As part of the show I am having this November at the Los Angeles gallery Iam8bit, they asked if I could document the process of making a representative painting. On my own, I’ve attempted to do this but have usually forgotten to actually photograph the work as I got into the painting process. Having an “assignment” to document the process kept the need to photograph each step more present and I managed to capture much of the process. I’ll present the photos and offer a little insight into the how and what is going on.
Once upon a time, I drew the action figures by hand and eye. That took a long time. I now set up the toy on a shelf, adjust the lighting and take a quality photograph and then transfer the line drawing to the canvas. My aim is to create a piece that relies on design and color to carry the impact and spending hours nitpicking over the drawing and proportion takes time and energy away from the good stuff. Shortcuts that make your process work more efficiently without sacrificing something essential are worth taking. Work smarter, not harder…
Once the line drawing is transferred and ready, I layer a color or two to ground the canvas and set the color in a direction that seems appropriate. I am trained as a watercolorist so although I am making these pieces in acrylic, I layer them with a mind to watercolor and its subtle color vibrations. Thinking ahead, the Obi Wan Kenobi action figure is colored a deep burnt orange and I am anticipating a blue background at the finish. By layering orange and burnt sienna at the beginning I am giving myself the opportunity to layer a blue over those warmer colors later on in the process and I’ll get a little color tension and sparkle from the two opposite colors playing off each other.
I keep deepening the orange tones and add the shadow to start to inform the space of the canvas (also as the colors layer, the line drawing gets harder to see and I need to bring color to the figure lest it disappear under the orange.)
Next step is to flesh out Obi Wan with some basic local color. In addition I start to define some of the shadows on the figures form in anticipation of the next step…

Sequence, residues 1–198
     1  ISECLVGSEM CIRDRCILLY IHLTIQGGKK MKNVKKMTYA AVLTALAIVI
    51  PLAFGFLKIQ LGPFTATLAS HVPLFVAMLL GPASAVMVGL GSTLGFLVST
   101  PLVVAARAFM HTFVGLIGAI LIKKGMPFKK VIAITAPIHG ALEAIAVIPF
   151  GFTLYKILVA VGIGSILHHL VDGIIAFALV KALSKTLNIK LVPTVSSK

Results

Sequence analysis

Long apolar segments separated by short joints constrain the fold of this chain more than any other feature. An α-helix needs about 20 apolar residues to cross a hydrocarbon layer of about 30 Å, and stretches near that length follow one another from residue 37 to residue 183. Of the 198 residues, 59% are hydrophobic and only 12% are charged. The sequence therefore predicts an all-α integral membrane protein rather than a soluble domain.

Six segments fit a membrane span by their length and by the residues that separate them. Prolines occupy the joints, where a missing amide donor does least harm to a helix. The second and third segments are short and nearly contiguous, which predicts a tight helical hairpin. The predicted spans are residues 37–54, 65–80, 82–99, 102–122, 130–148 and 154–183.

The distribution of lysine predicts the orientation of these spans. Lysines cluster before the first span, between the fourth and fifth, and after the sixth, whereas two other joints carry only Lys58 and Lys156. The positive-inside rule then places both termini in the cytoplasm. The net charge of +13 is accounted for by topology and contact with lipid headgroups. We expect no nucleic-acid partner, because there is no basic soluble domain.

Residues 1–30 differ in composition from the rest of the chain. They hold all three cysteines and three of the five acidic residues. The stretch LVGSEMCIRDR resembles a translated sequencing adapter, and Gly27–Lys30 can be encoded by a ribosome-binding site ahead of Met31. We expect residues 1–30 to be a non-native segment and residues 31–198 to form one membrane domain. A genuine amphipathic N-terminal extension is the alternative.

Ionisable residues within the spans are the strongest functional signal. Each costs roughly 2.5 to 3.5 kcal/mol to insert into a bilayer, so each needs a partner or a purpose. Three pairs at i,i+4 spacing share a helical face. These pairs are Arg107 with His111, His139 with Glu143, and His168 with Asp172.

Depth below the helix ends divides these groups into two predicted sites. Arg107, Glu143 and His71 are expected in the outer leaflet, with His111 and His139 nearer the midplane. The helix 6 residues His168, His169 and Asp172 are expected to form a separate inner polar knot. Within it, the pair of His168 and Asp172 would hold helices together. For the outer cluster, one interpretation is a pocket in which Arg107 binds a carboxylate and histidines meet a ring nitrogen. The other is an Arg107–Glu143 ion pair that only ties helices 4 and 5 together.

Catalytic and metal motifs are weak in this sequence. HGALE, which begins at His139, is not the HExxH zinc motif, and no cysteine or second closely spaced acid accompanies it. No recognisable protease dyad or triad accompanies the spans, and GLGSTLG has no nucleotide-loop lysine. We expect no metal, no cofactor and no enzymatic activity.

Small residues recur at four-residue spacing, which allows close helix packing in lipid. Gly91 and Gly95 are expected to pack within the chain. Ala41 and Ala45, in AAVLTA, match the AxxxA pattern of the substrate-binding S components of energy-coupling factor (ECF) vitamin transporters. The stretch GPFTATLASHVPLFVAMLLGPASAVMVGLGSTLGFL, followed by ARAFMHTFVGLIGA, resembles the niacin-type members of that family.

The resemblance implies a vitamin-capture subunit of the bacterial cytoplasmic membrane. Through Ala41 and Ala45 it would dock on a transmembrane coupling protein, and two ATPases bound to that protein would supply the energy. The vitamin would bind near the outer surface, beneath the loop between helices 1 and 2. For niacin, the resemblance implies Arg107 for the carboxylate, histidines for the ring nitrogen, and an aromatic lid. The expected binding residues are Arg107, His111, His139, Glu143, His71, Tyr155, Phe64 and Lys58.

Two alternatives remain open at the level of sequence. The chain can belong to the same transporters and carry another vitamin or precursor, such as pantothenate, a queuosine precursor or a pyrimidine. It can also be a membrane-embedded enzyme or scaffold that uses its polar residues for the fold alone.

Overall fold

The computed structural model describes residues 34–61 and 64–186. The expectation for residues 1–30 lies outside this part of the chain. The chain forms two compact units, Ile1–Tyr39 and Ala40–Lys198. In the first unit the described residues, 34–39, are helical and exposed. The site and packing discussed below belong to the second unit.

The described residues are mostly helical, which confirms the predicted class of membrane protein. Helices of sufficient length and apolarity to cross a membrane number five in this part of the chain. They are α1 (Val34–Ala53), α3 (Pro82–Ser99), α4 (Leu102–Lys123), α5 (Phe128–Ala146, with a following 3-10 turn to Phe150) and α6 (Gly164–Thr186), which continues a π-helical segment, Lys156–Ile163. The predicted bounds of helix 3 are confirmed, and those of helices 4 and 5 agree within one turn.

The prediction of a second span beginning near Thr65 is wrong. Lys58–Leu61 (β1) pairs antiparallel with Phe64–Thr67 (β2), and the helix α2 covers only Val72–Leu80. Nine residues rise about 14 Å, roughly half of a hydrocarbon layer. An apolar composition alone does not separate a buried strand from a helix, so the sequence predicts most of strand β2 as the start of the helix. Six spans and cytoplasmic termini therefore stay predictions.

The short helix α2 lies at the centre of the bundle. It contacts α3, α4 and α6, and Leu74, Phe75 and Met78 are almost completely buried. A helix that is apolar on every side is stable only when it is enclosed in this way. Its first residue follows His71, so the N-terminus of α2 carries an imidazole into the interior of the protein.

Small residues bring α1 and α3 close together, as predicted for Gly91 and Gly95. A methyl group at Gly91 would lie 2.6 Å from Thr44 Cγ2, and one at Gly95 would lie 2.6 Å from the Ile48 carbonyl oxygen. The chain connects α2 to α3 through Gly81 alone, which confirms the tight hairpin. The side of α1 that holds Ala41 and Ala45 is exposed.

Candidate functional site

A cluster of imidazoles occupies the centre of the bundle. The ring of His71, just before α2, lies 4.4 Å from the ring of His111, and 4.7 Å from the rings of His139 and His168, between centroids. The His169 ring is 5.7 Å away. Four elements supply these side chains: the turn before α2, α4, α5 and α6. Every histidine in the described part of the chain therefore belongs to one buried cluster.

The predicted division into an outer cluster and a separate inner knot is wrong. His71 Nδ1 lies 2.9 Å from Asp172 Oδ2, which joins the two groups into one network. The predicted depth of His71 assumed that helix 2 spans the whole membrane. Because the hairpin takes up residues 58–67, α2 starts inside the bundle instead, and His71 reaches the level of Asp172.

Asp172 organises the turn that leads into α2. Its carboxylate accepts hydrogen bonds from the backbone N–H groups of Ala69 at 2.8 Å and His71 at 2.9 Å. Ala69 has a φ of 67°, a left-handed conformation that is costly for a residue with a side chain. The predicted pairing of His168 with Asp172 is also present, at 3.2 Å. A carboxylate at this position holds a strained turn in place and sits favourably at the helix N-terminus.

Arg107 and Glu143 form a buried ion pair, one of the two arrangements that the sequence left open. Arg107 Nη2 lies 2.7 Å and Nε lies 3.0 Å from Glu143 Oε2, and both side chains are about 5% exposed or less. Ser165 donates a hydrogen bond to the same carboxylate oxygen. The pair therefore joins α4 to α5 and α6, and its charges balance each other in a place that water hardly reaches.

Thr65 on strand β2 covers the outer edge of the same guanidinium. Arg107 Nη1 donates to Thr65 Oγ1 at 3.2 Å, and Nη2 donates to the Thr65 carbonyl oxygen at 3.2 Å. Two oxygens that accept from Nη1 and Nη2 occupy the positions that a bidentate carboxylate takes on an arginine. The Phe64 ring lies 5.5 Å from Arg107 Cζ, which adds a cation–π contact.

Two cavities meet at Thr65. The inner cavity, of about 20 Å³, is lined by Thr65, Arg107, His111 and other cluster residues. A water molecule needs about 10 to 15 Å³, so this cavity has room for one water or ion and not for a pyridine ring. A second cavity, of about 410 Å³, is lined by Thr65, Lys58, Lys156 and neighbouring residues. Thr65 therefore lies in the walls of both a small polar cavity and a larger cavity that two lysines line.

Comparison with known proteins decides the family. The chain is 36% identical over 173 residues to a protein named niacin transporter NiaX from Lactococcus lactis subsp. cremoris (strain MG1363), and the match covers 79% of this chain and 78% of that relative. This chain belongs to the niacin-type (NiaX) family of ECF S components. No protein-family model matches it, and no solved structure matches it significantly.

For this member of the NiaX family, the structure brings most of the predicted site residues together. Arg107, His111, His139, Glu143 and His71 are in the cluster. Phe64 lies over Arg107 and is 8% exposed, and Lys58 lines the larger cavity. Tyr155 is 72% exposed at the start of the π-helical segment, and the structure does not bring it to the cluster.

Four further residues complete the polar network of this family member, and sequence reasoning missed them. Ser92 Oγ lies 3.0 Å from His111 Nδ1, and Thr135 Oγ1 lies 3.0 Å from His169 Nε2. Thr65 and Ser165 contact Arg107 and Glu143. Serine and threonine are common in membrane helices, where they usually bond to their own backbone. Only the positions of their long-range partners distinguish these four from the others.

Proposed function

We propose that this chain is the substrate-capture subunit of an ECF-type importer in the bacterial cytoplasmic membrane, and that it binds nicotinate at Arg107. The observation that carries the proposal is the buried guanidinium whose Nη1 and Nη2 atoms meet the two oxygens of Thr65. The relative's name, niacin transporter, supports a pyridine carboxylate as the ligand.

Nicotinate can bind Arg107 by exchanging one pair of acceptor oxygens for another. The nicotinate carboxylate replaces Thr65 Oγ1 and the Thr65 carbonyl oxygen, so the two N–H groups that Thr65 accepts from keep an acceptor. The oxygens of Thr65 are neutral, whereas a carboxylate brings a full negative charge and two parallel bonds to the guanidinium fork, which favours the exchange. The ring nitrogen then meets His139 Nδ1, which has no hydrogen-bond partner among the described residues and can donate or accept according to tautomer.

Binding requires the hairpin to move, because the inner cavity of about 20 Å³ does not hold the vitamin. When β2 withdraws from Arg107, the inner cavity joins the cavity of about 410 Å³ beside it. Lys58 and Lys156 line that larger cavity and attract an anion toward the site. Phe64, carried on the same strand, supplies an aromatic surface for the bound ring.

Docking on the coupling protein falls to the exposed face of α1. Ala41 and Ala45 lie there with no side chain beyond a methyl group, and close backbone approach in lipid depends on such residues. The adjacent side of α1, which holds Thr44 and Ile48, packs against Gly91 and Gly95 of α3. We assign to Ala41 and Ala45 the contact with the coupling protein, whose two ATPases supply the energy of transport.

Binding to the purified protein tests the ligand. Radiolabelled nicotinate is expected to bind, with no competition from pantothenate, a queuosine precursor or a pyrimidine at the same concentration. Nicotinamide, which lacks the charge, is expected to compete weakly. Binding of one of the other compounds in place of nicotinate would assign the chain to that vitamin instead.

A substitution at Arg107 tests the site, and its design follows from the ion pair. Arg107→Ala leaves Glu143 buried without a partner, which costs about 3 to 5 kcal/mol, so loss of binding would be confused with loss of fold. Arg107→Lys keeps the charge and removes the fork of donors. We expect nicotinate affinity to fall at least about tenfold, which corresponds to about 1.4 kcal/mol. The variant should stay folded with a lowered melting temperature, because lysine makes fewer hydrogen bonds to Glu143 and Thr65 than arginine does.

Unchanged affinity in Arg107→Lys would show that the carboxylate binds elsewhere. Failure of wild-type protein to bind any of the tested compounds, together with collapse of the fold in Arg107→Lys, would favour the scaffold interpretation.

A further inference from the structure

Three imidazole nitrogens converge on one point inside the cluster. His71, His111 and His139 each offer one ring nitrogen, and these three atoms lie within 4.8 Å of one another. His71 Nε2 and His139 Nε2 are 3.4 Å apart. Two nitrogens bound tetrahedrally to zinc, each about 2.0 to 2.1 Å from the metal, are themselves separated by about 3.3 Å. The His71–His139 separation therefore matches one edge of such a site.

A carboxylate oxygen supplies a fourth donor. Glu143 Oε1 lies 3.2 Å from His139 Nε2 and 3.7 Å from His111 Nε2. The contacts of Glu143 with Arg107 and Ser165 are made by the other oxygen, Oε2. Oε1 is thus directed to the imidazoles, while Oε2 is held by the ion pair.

BLUE! I’ve masked off the action figure with masking film and layered a number of different blues to create the tension and sparkle to offset the stoic figure. I lost the shadow as I didn’t mask it off and I put it back in place with a bluer tone which seems to make more color sense with the blues of the background. Its amazing how much more vibrant an orange the figure seems when its surrounded by blues.
Next step is to flesh out Obi Wan with more defined colors and values to give a sense of the light, shadow and form of the action figure. I’ve also softened the cast shadow with some reds to give it a more purple tone. I want the figure to stand out and the shadow to complement that “pop.”
I’ve masked the figure (and shadow this time) again and am reevaluating the blue layer. I didn’t like the way it was progressing as it didn’t seem bold enough as a surface. At this point I’ve invested a lot of time and effort into the layering of the blue and orange background so changing it drastically hurts… but, if it isn’t working it needs to change until it is working. The job of the blue is to support the figure and not distract from it and the sparkle of orange and blue that I theorized would work so well is becoming a distraction so it needs to change.
Peeling off the mask and the simpler two tones of blue with only a minimum of the orange shining through works much more effectively. A few finishing touches on the figure such as adding highlights and deepening the shadows give Obi Wan a more physical presence on the canvas. My initial impulse to offset the deep oranges of the figure with a blue background seems to be a solid choice and I am happy with the results.